MARK JENKINS, "NATIONAL GEOGRAPHIC": Well, the reason there are so many people lined up is that now we have technology that gives us the best weather reports. It used to be, 20 years ago, everyone went to the summit at a different time. The teams decided when they would go up.

But, now everyone will get the exact same whether airport. So everyone goes when you have the best weather. That is why you end up with the crowding.

And there are also too many permits. There are ways to fix Everest. And I wrote about this in "National Geographic." The first one, as you said, would be to limit the number of permits given out. The reason they don't do that is because they make money off each one, $11,000 per permit. People are typically paying $50,000-$100,000 to climb Everest.

VAUSE: Should there be a way to determine if people are capable of doing this, whether they are fit enough, healthy enough, have the experience to actually go on it? JENKINS: Absolutely. And there is essentially no regulations on Everest. The outfitters regulate themselves. Some do a great job. Some of the most professional climbers go to Everest. But some of them do a poor job. And I believe they should have some kind of requirement.

For instance, Everest is 8,000 meters. If every person who goes there would've already climbed a 7,000 meter peak, then there would be probably a natural winnowing of those who actually go to Everest. They would have more experience. The people who didn't have the experience wouldn't go.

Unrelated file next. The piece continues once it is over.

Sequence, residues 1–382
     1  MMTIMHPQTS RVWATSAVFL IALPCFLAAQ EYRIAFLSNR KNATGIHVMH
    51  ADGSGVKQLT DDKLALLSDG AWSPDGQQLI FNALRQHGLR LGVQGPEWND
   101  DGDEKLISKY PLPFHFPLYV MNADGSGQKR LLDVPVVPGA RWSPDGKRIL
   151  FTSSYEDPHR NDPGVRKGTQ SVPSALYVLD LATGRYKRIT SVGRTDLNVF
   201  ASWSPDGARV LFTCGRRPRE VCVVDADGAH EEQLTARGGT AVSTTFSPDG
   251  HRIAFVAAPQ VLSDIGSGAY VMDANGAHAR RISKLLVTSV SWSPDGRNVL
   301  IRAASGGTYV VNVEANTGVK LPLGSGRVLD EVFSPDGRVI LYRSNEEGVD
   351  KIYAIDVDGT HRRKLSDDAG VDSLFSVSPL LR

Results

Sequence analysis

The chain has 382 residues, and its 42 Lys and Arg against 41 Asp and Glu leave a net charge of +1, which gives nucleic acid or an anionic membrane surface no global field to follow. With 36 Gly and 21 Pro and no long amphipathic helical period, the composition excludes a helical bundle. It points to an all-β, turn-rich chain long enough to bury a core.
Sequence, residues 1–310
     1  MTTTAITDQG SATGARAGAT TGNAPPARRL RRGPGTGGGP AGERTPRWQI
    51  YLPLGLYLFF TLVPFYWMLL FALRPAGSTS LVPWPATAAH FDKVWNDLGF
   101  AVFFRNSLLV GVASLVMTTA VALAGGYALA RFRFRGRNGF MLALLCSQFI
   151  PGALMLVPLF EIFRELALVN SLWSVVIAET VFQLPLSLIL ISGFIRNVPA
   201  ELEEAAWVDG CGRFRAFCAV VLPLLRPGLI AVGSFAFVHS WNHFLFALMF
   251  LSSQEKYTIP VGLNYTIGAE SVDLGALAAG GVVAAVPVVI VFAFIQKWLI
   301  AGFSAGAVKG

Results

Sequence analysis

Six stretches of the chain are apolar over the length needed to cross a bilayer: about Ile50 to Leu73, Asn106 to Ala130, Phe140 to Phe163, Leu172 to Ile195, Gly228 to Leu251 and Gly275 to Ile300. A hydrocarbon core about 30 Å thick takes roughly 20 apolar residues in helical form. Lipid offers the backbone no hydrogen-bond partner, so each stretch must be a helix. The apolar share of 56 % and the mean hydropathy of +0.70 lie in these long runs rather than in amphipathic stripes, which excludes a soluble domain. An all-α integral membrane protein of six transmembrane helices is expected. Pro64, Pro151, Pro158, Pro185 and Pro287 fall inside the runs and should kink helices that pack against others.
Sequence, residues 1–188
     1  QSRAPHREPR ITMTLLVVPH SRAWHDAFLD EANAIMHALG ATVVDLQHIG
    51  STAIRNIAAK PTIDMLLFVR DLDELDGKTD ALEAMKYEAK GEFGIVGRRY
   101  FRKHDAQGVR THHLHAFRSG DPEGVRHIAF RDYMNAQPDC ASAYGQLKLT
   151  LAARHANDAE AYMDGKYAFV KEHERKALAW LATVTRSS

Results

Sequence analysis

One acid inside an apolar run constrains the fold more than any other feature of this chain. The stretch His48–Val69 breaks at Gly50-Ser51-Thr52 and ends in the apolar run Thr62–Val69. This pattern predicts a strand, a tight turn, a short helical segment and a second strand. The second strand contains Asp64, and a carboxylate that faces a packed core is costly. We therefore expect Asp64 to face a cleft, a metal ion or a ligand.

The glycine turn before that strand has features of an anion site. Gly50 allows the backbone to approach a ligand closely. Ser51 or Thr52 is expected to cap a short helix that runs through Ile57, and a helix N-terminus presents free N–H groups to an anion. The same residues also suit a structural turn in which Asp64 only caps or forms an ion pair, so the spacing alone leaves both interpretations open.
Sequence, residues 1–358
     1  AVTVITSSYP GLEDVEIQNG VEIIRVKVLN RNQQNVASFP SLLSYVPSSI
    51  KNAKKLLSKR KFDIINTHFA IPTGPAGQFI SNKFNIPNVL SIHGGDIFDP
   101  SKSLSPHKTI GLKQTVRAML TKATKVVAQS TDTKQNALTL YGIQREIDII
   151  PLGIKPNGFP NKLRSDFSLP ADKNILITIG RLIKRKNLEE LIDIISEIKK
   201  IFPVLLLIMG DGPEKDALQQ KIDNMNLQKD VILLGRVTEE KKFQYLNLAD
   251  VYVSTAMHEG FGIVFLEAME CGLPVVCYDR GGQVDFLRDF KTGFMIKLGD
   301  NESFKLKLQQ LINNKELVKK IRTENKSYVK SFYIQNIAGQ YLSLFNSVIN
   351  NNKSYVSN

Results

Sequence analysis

VAUSE: You know, the big problem, from a survival point of view, is the lack of oxygen at 29,000 feet. A few years ago, there was an earthquake in China, it's about 4,000 meters above sea level. I went to cover that story. So this is the impact of a lack of oxygen at that altitude.


VAUSE: The air out here is really thin. It's difficult to breathe. Trying to take a breath is like you've just run a mile or something. Also, part of the effects of altitude sickness is that you end up with a really bad headache.


VAUSE: And it must be so much worse when you get past 25,000 feet. After that, it is lack of experience for some of these climbers. JENKINS: It is. You have to remember, because there are these crowds on the top, many people are waiting for someone to get on the line or off the line. And as they wait, they use up oxygen. And if they run out, they immediately start -- they can't think well and they start to freeze.

So with these crowds, you will have an increase in deaths, I'm afraid to say. And the only way it can change is if the Nepali government starts some kind of regulation on Mt. Everest.